F. Durst, A. Melling, and J. Whitelaw, Principles and Practices of Lase Doppler Anemometry (Academic, 1981).

Foss, J. F.

J. M. Wallace and J. F. Foss, Annu. Rev. Fluid Mech. 27, 469 (1995).
[Crossref]

Frish, M.

M. Frish and W. Webb, J. Fluid Mech. 107, 173 (1981).
[Crossref]

Hermosa, N.

C. Rosales-Guzmán, N. Hermosa, A. Belmonte, and J. P. Torres, Sci. Rep. 36, 2815 (2013).

Lavery, M. P. J.

M. P. J. Lavery, F. C. Speirits, S. M. Barnet, and M. J. Padgett, Science 341, 537 (2013).
[Crossref]

Loudon, R.

R. Loudon, Phys. Rev. A 68, 013806 (2003).
[Crossref]

Melling, A.

F. Durst, A. Melling, and J. Whitelaw, Principles and Practices of Lase Doppler Anemometry (Academic, 1981).

Padgett, M. J.

M. P. J. Lavery, F. C. Speirits, S. M. Barnet, and M. J. Padgett, Science 341, 537 (2013).
[Crossref]

Rosales-Guzmán, C.

C. Rosales-Guzmán, N. Hermosa, A. Belmonte, and J. P. Torres, Sci. Rep. 36, 2815 (2013).

Speirits, F. C.

M. P. J. Lavery, F. C. Speirits, S. M. Barnet, and M. J. Padgett, Science 341, 537 (2013).
[Crossref]

Tong, P.

Torres, J. P.

C. Rosales-Guzmán, N. Hermosa, A. Belmonte, and J. P. Torres, Sci. Rep. 36, 2815 (2013).

A. Belmonte and J. P. Torres, Opt. Lett. 36, 4437 (2011).
[Crossref]

Wallace, J. M.

J. M. Wallace and J. F. Foss, Annu. Rev. Fluid Mech. 27, 469 (1995).
[Crossref]

Webb, W.

M. Frish and W. Webb, J. Fluid Mech. 107, 173 (1981).
[Crossref]

Westerweel, J.

R. J. Adrian and J. Westerweel, Particle Image Velocimetry (Cambridge University, 2011).

Whitelaw, J.

F. Durst, A. Melling, and J. Whitelaw, Principles and Practices of Lase Doppler Anemometry (Academic, 1981).

Yao, S.

Yeh, Y.

Y. Yeh and H. Z. Cummins, Appl. Phys. Lett. 4, 176 (1964).
[Crossref]

Annu. Rev. Fluid Mech. (2)

J. M. Wallace and J. F. Foss, Annu. Rev. Fluid Mech. 27, 469 (1995).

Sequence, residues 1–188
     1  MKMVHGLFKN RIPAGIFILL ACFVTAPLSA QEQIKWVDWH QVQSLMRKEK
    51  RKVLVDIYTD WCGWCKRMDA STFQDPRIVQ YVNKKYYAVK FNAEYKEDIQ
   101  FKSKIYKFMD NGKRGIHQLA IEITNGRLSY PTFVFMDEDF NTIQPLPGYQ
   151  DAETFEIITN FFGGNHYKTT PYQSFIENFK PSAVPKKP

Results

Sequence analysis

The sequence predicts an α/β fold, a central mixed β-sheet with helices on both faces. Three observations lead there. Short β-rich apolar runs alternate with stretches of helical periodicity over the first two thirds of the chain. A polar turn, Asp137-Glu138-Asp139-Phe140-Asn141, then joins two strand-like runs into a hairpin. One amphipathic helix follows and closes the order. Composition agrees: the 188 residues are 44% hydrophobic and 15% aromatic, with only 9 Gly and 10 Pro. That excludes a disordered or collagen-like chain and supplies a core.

[Crossref]

R. J. Adrian, Annu. Rev. Fluid Mech. 23, 261 (1991).
[Crossref]

Appl. Opt. (1)

Appl. Phys. Lett. (1)

Y. Yeh and H. Z. Cummins, Appl. Phys. Lett. 4, 176 (1964).
[Crossref]

J. Fluid Mech. (1)

M. Frish and W. Webb, J. Fluid Mech. 107, 173 (1981).
[Crossref]

Opt. Lett. (1)

Phys. Rev. A (1)

R. Loudon, Phys. Rev. A 68, 013806 (2003).
[Crossref]

Sci. Rep. (1)

C. Rosales-Guzmán, N. Hermosa, A. Belmonte, and J. P. Torres, Sci. Rep. 36, 2815 (2013).

Science (1)

M. P. J. Lavery, F. C. Speirits, S. M. Barnet, and M. J. Padgett, Science 341, 537 (2013).
[Crossref]

Other (4)

G. K. Batchelor, An Introduction to Fluid Dynamics (Cambridge University, 2000).

F. Durst, A. Melling, and J. Whitelaw, Principles and Practices of Lase Doppler Anemometry (Academic, 1981).

R. J. Adrian and J. Westerweel, Particle Image Velocimetry (Cambridge University, 2011).

T. Fujii and T. Fukuchi, eds., Laser Remote Sensing (CRC Press, 2005).

Supplementary Material (2)

NameDescription
» Supplement 1: PDF (1124 KB)      LG beam
» Visualization 1: MPG (5634 KB)      Parabolic Flow Visualization

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Figures (3)

Fig. 1.